Snowdon’s arrival in transit was a surprise to the Russians

I wasn’t going to attempt an answer to Vlad’s questions because I didn’t know what to think about the Snowden affair. Was he alone? Was he a whistleblower appalled at the realities of the world? Or a spy? A traitor? An opportunist? Was his arrival at Sheremetyevo a clever move in a chess game or a panicked flight? (Edward Jay Epstein, one of the few MSM reporters who is not a copy typist, raises some good questions here.)

All I knew was that he was no longer in Hong Kong and that Putin told us last week that he was in no-man’s-land in Sheremetyevo and hoped he would go away soon. (Few commentators understand that all international airports must have such a limbo lest any stowaway, with his feet on the new country, immediately claim asylum or otherwise initiate other tiresome and expensive legalities). But was he still there or had he moved on? Well we know now he’s still there; Ecuador doesn’t particularly want him; he has asked several countries for asylum. Not such a clever chess game it seems.

And he has asked Moscow for asylum and it sounds as if he will been granted it. But there’s a condition: Putin has said “If he wants to stay here, there is one condition: He must stop his work aimed at harming our US partners, no matter how strange this may sound coming from me.” So stay, but be silent. Putin also said there had been no collaboration with Russia’s intelligence services.

Altogether a very clever solution to Moscow’s and Washington’s mutual problem. After years of observation, I have learned that Putin never gives the lie direct, although he does not answer all questions fully. If he says there was no collaboration with Russian intelligence agencies, I believe him. (And not least because it is highly unlikely that Snowden has anything to tell them that they do not already know. Snowden’s big secret, electrifying the outside world, is the fact and extent of the collecting, not the details collected. Spetssvyaz knows all that and does the very same thing.) I also believe that Snowdon’s arrival in transit was a surprise to the Russians and his staying there so long a bigger surprise.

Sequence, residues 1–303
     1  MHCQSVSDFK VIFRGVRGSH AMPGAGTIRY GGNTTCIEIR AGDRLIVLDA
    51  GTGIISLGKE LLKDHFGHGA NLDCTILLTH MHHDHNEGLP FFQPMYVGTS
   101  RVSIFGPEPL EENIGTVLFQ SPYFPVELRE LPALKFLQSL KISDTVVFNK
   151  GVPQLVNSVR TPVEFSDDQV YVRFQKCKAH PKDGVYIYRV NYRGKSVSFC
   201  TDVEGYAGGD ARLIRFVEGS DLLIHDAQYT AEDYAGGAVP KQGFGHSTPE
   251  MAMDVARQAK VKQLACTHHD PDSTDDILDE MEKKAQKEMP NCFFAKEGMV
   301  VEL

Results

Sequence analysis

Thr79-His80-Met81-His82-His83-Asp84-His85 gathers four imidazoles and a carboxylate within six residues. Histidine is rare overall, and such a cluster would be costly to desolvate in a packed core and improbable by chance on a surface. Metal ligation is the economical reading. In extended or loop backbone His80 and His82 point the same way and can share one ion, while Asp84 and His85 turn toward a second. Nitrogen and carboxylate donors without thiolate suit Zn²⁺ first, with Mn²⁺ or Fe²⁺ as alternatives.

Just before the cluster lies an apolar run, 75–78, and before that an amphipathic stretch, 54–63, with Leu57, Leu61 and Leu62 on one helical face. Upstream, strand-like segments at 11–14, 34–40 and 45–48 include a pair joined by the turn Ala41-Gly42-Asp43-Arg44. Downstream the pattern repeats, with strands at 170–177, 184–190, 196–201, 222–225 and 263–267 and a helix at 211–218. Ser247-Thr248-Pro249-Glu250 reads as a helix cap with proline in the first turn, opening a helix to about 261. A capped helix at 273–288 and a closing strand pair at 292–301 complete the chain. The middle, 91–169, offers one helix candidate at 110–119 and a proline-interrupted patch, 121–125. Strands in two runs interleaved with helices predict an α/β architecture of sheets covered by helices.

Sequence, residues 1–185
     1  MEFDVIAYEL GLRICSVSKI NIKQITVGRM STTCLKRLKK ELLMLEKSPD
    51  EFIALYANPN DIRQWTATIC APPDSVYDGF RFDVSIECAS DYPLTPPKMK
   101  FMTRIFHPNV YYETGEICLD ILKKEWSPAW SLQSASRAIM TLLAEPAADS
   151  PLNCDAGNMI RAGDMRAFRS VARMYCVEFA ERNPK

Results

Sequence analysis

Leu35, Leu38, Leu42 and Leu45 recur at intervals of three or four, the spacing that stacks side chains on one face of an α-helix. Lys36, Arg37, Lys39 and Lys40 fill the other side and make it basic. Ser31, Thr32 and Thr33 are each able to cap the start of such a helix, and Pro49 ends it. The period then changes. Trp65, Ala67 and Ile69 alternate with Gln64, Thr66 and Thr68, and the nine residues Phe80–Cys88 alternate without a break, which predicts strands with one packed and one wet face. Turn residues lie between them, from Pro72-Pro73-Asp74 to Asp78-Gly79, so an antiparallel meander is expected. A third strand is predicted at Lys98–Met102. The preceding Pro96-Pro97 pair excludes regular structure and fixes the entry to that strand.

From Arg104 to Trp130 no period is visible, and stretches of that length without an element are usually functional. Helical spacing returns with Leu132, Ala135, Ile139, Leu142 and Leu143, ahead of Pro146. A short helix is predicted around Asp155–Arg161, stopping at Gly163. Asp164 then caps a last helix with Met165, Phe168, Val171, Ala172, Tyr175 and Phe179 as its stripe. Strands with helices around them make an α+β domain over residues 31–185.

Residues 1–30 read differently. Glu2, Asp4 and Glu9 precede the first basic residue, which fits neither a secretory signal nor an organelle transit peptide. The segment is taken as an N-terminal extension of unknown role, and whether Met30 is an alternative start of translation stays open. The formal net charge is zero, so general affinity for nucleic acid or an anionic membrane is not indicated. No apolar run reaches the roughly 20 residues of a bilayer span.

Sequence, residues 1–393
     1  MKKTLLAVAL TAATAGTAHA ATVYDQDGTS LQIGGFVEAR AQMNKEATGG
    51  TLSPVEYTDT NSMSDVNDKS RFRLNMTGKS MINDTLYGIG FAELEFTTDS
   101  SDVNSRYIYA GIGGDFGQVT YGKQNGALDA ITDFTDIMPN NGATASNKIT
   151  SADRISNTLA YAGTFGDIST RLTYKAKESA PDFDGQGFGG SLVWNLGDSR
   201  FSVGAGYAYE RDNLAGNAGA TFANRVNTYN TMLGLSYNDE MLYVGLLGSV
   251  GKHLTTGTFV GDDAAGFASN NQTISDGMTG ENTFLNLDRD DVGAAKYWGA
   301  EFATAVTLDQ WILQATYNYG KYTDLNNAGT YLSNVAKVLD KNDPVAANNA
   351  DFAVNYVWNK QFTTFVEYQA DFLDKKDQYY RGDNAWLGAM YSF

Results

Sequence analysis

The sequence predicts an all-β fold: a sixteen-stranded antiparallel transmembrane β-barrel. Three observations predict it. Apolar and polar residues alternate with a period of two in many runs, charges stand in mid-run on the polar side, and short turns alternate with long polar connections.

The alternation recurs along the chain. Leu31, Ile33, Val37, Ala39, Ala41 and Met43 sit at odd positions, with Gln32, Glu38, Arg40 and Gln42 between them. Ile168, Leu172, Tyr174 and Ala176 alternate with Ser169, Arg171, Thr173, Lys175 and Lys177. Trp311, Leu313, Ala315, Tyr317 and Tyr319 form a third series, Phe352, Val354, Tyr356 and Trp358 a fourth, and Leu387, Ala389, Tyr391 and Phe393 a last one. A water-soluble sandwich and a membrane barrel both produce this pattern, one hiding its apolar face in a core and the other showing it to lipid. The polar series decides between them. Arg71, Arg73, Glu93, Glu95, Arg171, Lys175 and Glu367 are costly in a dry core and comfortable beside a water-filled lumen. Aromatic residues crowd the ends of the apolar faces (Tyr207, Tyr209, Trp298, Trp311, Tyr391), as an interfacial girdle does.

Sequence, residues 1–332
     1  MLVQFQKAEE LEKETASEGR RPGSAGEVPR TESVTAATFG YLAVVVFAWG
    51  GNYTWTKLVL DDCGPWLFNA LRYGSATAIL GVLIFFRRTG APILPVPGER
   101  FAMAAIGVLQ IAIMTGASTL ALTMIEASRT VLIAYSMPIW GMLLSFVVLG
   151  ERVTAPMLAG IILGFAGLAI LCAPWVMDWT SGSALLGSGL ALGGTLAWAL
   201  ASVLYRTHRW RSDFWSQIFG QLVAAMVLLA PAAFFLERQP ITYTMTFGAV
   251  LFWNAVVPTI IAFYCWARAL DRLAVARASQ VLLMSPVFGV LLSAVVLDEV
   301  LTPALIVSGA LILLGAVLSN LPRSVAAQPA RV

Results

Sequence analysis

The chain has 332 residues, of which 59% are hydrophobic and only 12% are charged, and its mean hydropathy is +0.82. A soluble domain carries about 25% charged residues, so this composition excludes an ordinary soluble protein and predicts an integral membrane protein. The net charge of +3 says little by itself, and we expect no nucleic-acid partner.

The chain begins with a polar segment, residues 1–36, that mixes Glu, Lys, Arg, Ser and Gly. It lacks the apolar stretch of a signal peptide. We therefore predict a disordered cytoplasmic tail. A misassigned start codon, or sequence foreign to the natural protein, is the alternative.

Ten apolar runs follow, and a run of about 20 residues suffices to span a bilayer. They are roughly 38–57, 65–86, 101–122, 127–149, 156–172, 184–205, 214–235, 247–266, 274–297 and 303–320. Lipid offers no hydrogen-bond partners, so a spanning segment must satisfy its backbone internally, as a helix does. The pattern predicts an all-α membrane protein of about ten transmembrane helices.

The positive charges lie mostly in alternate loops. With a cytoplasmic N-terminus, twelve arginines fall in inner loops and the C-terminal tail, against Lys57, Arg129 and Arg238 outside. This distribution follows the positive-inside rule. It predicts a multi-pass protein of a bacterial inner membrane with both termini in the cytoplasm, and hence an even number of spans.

But Putin has cleverly squared the circle: Snowden is safe, but the further damage he can do to the USA is ended. Everybody should be happy – or at least as happy as is possible in the circumstances.

So one interesting question to watch will be how Washington takes this. It is the best available result for it: no embarrassing trial (or more embarrassing non-trial) and no more publicity and leaks. (And the possibility of a quiet interview with Snowden when the fuss has calmed down)

But the most interesting thing to watch will be the anti-Russia mob: will they be able to figure all this out and acknowledge the favour Putin has done Washington? Or will they wind themselves up into another anti-Putin rant? Another learning opportunity for them. And just after Boston too.